With Italy currently in a lockdown to battle a “third wave” of cases and travel in Europe still restricted, several national pavilions at the world’s most prestigious architecture biennale have cancelled their physical opening events.
Instead, organisers of pavilions including the Swiss, Singaporean and Dutch presences said they intend to host “silent openings” or virtual events.
Pro Helvetia, which organises the Swiss Pavilion, said it was planning a silent opening “in light of the still uncertain Covid-19 situation”.
It added that it “will not host a public vernissage during the preview days on 20th and 21st May”.
The Singapore Pavilion said it is “planning an online vernissage for invited guests and media ahead of the official public opening of the Biennale on 22 May 2021”.
“Guests will not be invited to attend the opening in person”
Organisers of the biennale are planning on opening the event to the public on schedule on 22 May.
It usually consists of a series of installations hosted at the Arsenale della Biennale alongside shows at permanent national pavilions within the Giardini della Biennale and further installations across the city.
While installations inside many pavilions are complete, organisers don’t expect a large number of visitors to the event that officially starts on 22 May.
The usual preview days, or vernissage, on the two days preceding the public opening are expected to be quiet with several pavilions reorganising physical gatherings until later in the year.
“An online, virtual opening event will take place on May 20,” the organisers of the Dutch Pavilion told Dezeen. “Guests will not be invited to attend the opening in person but we hope that there will be another opportunity to host guests in the autumn.”
“If the situation allows, Pro Helvetia will instead organise a physical event on site in late summer or early autumn and hope to welcome you then in Venice,” added the organisers of the Swiss pavilion.
“Plans are still being explored”
Organisers of other pavilions reported that they were still confirming plans in line with government advice and the biennale organisers’ arrangements.
“The British Council is closely following UK and Italian government guidelines regarding travel to and from Venice,” said a representative of the British Council, which organises the British Pavilion.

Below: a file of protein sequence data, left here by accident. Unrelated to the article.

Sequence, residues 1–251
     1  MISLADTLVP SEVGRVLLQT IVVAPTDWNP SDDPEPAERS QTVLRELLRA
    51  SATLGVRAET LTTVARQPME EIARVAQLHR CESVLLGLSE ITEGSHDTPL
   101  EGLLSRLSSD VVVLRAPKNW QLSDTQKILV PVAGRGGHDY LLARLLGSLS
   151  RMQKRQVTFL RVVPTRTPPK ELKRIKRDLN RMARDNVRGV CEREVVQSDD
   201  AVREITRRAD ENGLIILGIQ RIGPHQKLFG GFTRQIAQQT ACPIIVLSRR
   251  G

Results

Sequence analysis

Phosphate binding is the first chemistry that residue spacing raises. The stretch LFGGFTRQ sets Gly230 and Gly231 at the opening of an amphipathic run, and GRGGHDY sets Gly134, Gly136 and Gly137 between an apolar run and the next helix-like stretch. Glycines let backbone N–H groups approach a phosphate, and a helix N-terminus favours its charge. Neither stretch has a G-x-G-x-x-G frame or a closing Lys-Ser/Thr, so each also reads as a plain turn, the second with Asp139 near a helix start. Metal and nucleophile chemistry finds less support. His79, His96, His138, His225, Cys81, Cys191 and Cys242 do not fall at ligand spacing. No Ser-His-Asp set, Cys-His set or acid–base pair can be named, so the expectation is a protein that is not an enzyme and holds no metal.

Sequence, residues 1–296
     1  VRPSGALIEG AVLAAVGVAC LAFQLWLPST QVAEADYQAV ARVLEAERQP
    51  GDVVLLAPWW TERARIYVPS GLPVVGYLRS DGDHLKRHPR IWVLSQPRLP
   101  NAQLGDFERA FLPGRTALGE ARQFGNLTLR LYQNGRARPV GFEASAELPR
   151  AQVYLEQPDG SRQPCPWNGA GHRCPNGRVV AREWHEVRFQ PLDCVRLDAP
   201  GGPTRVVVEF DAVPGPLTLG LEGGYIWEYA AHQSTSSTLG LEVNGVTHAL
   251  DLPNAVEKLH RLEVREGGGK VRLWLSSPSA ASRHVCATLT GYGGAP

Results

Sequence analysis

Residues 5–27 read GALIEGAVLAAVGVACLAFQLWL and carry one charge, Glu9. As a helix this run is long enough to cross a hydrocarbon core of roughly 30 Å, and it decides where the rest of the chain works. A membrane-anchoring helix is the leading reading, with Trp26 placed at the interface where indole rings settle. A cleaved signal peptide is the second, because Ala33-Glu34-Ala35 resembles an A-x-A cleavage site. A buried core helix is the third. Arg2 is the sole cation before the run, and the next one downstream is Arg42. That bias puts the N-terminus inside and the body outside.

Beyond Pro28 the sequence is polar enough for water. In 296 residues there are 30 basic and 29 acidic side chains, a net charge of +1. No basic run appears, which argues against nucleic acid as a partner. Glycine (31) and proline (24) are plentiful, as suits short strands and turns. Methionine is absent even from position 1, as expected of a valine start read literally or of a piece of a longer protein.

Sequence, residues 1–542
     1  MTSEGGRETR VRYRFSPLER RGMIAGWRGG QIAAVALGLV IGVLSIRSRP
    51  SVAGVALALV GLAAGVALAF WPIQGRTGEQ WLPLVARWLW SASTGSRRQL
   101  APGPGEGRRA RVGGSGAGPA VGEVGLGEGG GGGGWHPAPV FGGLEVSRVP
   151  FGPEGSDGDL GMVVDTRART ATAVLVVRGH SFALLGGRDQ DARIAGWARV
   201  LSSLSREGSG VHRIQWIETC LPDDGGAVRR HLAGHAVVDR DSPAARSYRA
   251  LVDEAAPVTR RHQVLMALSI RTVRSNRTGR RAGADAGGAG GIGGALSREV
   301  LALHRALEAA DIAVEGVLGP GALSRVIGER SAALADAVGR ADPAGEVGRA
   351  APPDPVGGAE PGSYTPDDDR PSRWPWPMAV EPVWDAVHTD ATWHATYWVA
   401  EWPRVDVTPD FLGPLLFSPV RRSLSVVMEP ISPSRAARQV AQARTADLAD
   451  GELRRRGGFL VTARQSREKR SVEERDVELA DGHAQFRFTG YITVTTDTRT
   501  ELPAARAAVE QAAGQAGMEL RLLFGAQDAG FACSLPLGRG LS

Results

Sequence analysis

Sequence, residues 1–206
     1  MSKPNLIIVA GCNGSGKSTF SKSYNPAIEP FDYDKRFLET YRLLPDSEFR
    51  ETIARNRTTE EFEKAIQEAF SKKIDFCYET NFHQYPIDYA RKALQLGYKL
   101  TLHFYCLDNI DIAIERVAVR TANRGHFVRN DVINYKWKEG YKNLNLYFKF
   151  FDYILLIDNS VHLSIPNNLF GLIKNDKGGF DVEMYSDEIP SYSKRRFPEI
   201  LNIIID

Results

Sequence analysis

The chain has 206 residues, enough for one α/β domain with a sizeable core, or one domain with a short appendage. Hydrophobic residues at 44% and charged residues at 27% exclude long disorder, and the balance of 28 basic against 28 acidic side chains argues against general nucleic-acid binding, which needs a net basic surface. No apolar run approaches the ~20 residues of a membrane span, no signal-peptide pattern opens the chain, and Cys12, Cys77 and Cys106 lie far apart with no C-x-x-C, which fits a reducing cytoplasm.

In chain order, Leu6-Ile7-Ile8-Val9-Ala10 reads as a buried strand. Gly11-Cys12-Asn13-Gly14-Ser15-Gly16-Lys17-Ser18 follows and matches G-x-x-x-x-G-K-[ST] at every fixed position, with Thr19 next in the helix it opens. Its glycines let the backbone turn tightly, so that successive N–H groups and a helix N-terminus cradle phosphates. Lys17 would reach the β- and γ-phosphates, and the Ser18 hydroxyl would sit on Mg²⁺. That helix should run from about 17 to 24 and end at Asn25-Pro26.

“Though plans are still being explored around what form a physical opening event at the British Pavilion might take, we are prioritising health and safety by focusing on remote celebrations.”
“While the pavilion is indeed expected to open on 22 May, as the Biennale indicated today it’s confirming its opening dates,” said the organisers of the Lebanese Pavilion. “We don’t have any precisions on how exactly the opening will take place.”
Originally planned to take place in 2020, the Venice Architecture Biennale was postponed until 2021 due to coronavirus with the Art Biennale pushed back 2021 to 2022.
Venice is currently classified as an orange zone by the Italian government meaning that at present all museums, live shows, trade fairs and exhibitions as well as bars and restaurants are closed, but shops are open.
The architecture biennale, which usually attracts around 250,000 visitors, is scheduled to run from 22 May until 21 November.
This year’s theme is How do we live together? Curated by Lebanese architect Hashim Sarkis, the biennale will aim to explore ways in which people can co-exist while wealth and political ideologies diverge.
Earlier this week the organisers of Milan’s fuorisalone vowed that they would hold events in September despite doubts over Salone del Mobile – the world’s most important furniture fair – taking place.
The pandemic has impacted events taking place across Europe in 2021 including the furniture and interiors fair IMM Cologne and Stockholm Furniture & Light Fair, which were due to take place in January and February respectively and were both cancelled.
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